The Rule of Law and sexual violence in conflict and post-conflict contexts | Thelma Esperanza Aldana

30 Jun 2016

 While progress has been made in the implementation of the Peace Agenda, one of the groups whose rights are still lagging behind is women. Photo: UNDP in Guatemala

Between 1960 and 1996, Guatemala suffered an internal armed conflict during which gross human rights violations were committed systematically. The United Nations backed Commission for Historical Clarification (CEH) registered a total of 200,000 victims of human rights violations, 83% of which belonged to Maya indigenous peoples.

The CEH determined that, in addition to all forms of human rights violations, women suffered specific forms of gender violence.  The most common form of violence was sexual.  Indigenous girls and women from the rural areas were the most abused.  According to the CEH, 88.7 percent of rape victims belonged to Maya indigenous peoples; 62 percent were aged 18 to 60; 35 percent were young girls and three percent were elderly women.  Peace was signed in Guatemala on December 29, 1996.

While progress has been made in the implementation of the Peace Agenda, one of the groups whose rights are still lagging behind is women.

Around the world, thousands of women have been victims of sexual violence in armed conflict situations.  Rape in these contexts is conceived as an instrument to strip victims of their sexual identity and as a form of violence against the community by damaging its most intimate sphere. In war, the effects of sexual violence are much more devastating because the social fabric is broken and people are brought to a condition of extreme vulnerability.  

In Guatemala, for many years sexual violence has been a hidden dimension of war.  In the 80s, a group of 15 Q’eqchi women from the village of Sepur Zarco, in the northeast of the country, were sexually abused, forced into domestic servitude and held as slaves in a military base after their husbands were murdered or disappeared.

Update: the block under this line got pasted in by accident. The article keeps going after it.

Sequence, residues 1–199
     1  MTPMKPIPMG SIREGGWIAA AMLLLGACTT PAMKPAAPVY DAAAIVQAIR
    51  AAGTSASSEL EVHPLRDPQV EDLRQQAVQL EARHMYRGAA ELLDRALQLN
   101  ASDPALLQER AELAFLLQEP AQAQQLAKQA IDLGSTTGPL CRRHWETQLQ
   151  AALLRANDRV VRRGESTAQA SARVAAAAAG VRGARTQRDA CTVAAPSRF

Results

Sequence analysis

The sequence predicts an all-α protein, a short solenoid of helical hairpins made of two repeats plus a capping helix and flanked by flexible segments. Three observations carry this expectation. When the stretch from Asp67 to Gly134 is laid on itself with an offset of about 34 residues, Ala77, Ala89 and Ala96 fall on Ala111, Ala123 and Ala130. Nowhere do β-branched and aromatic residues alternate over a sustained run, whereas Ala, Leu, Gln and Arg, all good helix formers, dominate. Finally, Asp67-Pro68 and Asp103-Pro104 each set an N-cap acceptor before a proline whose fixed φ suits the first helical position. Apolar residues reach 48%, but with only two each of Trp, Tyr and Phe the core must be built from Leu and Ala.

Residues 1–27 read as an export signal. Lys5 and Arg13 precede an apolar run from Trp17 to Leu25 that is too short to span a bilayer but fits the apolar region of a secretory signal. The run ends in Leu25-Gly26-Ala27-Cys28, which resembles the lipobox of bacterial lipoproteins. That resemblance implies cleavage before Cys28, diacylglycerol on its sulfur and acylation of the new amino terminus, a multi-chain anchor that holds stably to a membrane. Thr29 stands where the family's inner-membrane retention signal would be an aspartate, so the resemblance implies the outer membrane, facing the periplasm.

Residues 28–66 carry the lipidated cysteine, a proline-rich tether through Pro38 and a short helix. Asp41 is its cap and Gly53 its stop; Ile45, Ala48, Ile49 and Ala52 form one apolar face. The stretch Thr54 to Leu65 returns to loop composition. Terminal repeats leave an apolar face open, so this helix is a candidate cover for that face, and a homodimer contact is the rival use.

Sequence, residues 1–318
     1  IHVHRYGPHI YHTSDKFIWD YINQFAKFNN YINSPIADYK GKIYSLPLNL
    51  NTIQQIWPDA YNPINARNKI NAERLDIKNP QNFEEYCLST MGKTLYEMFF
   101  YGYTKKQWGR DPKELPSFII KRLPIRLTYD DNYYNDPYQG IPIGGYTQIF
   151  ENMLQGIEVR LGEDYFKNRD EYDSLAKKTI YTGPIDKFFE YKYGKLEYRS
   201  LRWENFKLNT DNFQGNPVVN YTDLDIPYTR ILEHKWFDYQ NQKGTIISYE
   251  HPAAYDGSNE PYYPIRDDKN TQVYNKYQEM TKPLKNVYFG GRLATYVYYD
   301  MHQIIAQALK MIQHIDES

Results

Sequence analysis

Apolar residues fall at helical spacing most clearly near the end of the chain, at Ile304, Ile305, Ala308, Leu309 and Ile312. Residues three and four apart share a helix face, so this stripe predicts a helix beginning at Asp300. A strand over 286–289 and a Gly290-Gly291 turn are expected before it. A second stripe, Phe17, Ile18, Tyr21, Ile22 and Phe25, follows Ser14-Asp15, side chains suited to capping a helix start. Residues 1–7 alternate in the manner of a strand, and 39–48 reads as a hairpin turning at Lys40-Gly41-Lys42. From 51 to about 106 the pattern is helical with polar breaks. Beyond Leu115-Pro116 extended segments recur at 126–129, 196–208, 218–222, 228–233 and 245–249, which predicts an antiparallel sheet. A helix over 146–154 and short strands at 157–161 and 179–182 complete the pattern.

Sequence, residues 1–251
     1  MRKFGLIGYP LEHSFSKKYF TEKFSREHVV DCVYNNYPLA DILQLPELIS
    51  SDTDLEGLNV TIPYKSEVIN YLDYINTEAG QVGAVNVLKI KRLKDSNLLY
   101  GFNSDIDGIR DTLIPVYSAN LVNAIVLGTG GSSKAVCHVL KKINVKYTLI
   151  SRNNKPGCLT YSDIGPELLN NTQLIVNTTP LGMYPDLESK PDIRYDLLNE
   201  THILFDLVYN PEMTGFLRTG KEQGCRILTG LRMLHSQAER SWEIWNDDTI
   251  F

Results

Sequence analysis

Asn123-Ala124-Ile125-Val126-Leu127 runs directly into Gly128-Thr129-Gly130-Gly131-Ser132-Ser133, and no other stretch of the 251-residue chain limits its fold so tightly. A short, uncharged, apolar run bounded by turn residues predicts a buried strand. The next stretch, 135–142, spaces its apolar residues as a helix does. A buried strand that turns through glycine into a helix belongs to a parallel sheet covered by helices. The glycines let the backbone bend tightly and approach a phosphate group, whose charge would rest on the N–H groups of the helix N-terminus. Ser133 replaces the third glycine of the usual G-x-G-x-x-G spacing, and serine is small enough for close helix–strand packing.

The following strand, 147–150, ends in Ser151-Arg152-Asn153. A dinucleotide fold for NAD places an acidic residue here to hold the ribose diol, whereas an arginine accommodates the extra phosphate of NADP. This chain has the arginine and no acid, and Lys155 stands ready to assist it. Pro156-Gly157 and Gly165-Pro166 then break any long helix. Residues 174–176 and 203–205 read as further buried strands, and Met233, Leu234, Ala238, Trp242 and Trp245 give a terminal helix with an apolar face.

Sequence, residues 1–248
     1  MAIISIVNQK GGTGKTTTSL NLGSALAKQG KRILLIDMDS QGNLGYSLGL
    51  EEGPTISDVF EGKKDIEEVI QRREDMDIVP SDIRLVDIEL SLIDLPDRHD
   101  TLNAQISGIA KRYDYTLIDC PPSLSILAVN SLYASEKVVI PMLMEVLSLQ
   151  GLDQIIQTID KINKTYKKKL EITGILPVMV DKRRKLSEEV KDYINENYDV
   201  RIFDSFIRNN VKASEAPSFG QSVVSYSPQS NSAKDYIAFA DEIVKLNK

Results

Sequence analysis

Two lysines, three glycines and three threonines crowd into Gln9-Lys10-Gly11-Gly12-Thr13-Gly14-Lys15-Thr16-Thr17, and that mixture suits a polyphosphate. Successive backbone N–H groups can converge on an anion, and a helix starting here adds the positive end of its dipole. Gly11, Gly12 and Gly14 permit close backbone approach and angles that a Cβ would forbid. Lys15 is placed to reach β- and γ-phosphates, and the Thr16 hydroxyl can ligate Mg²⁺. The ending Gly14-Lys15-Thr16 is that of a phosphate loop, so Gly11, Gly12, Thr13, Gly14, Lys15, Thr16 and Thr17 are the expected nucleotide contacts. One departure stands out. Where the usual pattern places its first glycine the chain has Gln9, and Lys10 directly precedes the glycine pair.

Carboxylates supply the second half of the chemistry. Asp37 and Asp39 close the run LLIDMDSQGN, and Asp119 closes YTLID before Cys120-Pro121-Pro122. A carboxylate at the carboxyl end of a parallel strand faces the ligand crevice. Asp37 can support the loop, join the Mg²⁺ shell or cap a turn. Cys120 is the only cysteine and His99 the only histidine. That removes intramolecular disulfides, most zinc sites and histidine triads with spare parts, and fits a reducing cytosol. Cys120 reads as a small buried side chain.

To achieve justice, the women had to come together, organize themselves and be encouraged to speak out, a very difficult process that was supported by several women’s organizations, who joined forces in 2009 to form the Alliance Breaking the Silence and Impunity.  The work to support the community was supplemented by legal advice and psychosocial support that helped the women take the case before formal criminal justice.

On February 26, 2016, the women of Sepur Zarco obtained a conviction, for the first time in the history of the country and one of the few in the world, from a national court that tried sexual slavery as a crime against humanity, and sentenced the accused to 120 and 240 years in prison.

The Sepur Zarco sentence is significant too from a reparations perspective. The Court ordered to build a health center; to improve schools in the region; train the military to observe human rights and prevent violence against women; translate the sentence of the Sepur Zarco case into 24 Mayan languages, and it ordered the local government of El Estor to build a monument representing the search for justice of the women of Sepur Zarco.

Since 2010, the United Nations Development Programme (UNDP) in Guatemala has been strengthening the rule of law by building the capacity of the state and civil society to exercise fully the rights to truth, justice, reparation and measures of non-repetition for victims of the internal armed conflict.

Now is the time for Guatemala to strengthen democracy and the rule of law, and to forge a new consensus on the future of the country to further the rule of law.  This is a concrete opportunity to advance the consolidation of peace.  

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